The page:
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Pinnacles National Park

Our National Parks: 9 California Wonders Every Local Must See

The nation’s newest national park—christened last year—is an inspiring testimony to the awesome power of plate tectonics combined with erosion: sheer rock spires rising out of the scrubby Gabilan Mountains. Its beauty was apparent to Schuyler Hain (1861-1930), a homesteader from Michigan, who led valley and cave tours, and acted as caretaker, until Pinnacles was deemed a national monument more than a century ago. Read more...

Sequoia National Park

Our National Parks: 9 California Wonders Every Local Must See

Certain that ancient trees had a highter purpose than becoming fence posts and shingles, George W. Stewart, the 21-year-old city editor of the Visalia Delta, penned an 1878 editorial calling for a state ban on cutting giant sequoias. For the next dozen years, the newspaperman battled mining, livestock, and timber interests, and spurred state and federal officials to secure the park’s first 76 square miles. Read more...

Kings Canyon National Park

Our National Parks: 9 California Wonders Every Local Must See

Strong-willed, heartily disliked, and highly effective Interior Secretary Harold Ickes (1874-1952) took an interest in wilderness preservation that went beyond most: parks without roads. Wheeling and dealing—which inluded selling FDR on the idea with commissioned Ansel Adams photographs—Ickes got his wish in Kings Canyon. Read more...

Yosemite National Park

Our National Parks: 9 California Wonders Every Local Must See

Yosemite forever changed Muir. Soaring granite monoliths, icy streams that tumble like feathers over cliffs, stately groves of sequoias, and wildlife around every bend. Muir championed Yosemite not just for its natural beauty, but its ecological significance, too—a template for dozens of national parks that followed. Read more...

Lassen Volcanic National Park

Our National Parks: 9 California Wonders Every Local Must See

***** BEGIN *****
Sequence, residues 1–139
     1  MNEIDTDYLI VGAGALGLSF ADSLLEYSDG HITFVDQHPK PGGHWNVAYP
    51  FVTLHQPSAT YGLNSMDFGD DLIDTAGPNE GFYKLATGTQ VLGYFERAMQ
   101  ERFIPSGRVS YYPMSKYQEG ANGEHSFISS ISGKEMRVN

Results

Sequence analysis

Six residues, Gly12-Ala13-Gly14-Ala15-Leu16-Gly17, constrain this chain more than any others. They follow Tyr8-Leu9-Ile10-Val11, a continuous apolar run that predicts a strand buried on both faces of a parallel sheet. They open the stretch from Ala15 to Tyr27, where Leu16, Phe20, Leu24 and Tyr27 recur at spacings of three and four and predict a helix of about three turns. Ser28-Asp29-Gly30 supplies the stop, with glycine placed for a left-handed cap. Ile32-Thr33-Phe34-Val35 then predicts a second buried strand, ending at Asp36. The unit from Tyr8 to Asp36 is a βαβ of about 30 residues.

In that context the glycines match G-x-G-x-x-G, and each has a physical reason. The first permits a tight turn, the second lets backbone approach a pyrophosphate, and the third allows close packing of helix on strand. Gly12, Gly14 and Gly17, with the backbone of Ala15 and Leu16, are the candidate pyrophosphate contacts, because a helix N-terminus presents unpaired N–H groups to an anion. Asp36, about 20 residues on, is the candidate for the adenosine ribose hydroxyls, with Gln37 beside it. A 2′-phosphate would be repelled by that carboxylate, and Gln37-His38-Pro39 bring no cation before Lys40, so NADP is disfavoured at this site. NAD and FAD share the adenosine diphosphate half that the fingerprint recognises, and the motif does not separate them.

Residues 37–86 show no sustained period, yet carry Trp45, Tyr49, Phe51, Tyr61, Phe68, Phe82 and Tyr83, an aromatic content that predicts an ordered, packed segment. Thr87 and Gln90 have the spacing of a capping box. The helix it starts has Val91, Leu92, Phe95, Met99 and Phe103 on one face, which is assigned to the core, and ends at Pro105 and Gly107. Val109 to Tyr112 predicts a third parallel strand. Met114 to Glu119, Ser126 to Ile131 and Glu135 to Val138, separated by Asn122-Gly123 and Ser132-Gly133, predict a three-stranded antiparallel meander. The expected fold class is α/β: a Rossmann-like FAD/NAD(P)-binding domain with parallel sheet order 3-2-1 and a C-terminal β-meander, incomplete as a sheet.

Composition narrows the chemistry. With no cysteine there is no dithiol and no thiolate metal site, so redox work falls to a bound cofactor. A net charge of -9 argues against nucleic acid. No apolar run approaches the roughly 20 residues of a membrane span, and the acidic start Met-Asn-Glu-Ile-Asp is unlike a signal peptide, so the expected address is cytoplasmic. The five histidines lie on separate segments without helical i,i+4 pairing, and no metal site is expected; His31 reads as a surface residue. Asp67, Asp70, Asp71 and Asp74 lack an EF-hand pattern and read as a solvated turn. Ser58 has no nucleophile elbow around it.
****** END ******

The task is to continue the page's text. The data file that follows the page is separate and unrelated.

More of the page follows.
A place of beauty, yet volatile and violent. Among the clear lakes, grazing mule deer, and fields of wildflowers sleep all four types of volcanoes—cinder cones; shields, which spew lava in all directions; composite, which emit lava, ash, cinders, and blocks; and plug domes, whose lava piles up inside the crater. More than 20 years before Lassen Peak last blew its plug, Muir wrote: “Miles of its flanks are reeking and bubbling with hot springs, many of them so boisterous and sulphurous they seem ever ready to become spouting geysers ...” Read more...

Redwood National & State Parks

Our National Parks: 9 California Wonders Every Local Must See

Ironically, the construction of the Redwoods Highway (now U.S. 101) for the logging and tourism industries led to the creation of three state parks in the 1920s and ’30s, to save the world’s tallest trees. The Save the Redwoods League, the Sierra Club, and the National Geographic Society long lobbied for a national park, but a 1960 Sunset magazine cover story, “The Redwood Country” by Martin Litton, proved to be the turning point. Read more...
READ NOW: Serial Killer Seduction

Our "Center of the Universe" story is being read all over the world right now. Click here for the story.

 

Who Did Randy Kraft Seduce?

Current photos of author Jay Roberts.

 

A Fact-Checker's Journey to a 1980 Afternoon

Our intrepid intern tracks down the details in Roberts' story.

 

Why Isn't Randy Kraft Dead?

Our original piece on one of California's deadliest and most depraved serial killers. 

 

Editor's Letter, October 2013

Our editor considers "Center of the Universe" to be compelling—and incredibly frightening. Click above to find out why.